Political and Economic Opening as a Post-Crisis Strategy for Japan
Keywords:Economic growth, Japan, Trade balance, Technological change, Labour market, population, Energy production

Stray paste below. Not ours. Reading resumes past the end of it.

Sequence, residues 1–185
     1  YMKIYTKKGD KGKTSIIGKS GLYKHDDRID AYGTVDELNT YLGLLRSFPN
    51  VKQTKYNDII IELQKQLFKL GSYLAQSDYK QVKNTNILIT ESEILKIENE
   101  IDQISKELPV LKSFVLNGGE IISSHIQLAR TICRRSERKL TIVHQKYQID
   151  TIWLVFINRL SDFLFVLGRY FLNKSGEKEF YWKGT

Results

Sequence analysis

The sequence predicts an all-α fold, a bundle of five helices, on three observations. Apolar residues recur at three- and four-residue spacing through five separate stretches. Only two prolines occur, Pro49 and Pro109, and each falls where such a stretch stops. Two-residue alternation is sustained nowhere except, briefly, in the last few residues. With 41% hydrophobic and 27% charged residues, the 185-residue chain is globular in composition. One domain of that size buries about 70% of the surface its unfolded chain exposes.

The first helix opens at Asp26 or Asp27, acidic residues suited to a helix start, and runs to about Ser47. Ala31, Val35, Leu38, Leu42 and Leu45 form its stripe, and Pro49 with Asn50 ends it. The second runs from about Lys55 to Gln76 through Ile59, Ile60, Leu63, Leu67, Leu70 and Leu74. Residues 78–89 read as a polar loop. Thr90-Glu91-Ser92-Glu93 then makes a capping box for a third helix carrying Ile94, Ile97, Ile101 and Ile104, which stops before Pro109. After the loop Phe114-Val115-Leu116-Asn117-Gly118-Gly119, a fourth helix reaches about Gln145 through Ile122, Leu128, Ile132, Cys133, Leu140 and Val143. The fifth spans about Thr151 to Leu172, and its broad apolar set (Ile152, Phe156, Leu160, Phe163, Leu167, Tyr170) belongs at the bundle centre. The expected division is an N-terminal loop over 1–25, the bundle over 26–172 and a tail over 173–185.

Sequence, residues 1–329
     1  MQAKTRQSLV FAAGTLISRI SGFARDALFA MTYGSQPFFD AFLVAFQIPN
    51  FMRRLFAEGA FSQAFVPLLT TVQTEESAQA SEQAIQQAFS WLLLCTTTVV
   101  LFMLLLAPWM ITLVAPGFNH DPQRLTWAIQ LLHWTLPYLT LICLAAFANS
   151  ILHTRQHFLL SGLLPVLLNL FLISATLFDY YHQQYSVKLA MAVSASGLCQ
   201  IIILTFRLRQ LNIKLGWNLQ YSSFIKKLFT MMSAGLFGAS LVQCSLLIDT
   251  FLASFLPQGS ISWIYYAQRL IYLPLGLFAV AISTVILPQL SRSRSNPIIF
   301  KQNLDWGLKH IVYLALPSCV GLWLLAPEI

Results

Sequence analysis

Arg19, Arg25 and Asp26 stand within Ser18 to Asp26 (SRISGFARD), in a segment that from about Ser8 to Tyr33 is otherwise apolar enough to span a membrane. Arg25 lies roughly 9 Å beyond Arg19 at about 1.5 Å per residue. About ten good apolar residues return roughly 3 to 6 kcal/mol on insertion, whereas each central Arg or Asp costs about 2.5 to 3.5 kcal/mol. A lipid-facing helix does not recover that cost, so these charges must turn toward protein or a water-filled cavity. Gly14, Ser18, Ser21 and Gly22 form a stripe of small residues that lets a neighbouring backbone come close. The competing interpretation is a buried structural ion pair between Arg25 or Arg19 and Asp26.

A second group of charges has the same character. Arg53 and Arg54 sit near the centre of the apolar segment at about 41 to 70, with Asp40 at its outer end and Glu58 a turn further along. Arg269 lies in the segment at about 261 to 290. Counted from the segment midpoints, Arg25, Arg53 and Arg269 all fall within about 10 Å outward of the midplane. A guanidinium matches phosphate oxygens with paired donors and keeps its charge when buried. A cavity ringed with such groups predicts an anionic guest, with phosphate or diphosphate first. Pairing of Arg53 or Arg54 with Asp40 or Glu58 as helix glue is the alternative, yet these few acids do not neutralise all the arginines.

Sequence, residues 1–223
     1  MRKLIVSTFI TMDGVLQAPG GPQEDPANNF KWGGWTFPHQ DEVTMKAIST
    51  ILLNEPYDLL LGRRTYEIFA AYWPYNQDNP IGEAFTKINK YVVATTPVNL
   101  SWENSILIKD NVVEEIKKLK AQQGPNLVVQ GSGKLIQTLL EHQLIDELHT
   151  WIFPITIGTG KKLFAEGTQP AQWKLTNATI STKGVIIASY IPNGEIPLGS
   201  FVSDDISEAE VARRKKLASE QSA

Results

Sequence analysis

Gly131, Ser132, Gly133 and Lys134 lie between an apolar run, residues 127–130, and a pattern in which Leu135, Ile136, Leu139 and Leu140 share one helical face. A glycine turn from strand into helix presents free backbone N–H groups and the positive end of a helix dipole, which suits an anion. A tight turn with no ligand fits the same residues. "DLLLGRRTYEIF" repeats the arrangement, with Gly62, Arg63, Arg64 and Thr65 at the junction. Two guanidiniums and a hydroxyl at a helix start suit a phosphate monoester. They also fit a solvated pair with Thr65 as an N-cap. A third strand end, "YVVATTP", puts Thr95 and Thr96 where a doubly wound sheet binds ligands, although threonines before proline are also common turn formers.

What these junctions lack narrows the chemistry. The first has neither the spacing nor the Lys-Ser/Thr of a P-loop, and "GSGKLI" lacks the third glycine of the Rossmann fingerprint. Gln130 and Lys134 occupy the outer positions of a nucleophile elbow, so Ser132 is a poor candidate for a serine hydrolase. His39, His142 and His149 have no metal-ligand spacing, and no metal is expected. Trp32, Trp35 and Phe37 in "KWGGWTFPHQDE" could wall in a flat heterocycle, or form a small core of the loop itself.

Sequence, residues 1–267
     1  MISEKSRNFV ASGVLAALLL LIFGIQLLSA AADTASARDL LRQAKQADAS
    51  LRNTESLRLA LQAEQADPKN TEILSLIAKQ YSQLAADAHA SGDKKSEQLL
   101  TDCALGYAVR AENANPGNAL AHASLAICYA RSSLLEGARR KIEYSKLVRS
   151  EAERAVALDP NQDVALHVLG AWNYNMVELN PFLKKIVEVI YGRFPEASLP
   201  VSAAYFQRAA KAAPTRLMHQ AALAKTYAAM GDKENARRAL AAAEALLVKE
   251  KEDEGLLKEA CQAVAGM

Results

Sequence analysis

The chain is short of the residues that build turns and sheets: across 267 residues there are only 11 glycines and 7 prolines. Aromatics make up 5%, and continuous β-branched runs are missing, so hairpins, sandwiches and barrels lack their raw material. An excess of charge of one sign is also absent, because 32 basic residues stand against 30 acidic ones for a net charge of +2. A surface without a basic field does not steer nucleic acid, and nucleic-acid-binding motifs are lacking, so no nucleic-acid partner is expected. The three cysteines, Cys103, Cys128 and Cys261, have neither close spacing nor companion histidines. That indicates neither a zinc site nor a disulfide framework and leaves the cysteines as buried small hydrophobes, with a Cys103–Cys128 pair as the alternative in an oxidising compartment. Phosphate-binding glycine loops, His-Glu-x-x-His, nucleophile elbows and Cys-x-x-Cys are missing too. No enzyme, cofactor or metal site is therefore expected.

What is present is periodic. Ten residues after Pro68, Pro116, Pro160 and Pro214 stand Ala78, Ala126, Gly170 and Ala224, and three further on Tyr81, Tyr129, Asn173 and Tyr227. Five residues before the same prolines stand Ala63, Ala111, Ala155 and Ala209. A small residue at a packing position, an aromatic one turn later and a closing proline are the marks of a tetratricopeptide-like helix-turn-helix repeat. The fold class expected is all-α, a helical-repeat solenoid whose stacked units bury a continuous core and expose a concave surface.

In economics literature, the sources of economic growth in general and in Japan in particular have been appraised either from the supply-side, with the emphasis on capital accumulation, labour, total factor productivity and – given the advent of the new growth models – on technological change, or from the demand side. The study on Japanese growth by Chenery et al. (1962) was an early demand-based study that looked at the drivers of economic growth and structural change over the period 1914-1954. Using input-output methods and taking into account the contribution of technological change11 over this long-time period, the authors found two distinct early sub-periods of economic growth: the 1914-1935 and the 1935-1954 sub-periods. The first (1914-1935) is characterised by a rise in domestic income (by 4.5 per cent per annum) with large increases in exports. The second (1935-1954) is marked by the loss of colonial supplies of raw materials and by a substantial fall in exports; this second sub-period is also marked by import substitution policies and by the rising importance of technological change. The findings for the first sub-period mirror Japan’s emergence as an economic and geostrategic power, affirming first its colonial ambitions in East-Asia through the development of its many manufacturing networks, in the region as a whole and in Korea in particular (Inkster, 2001).
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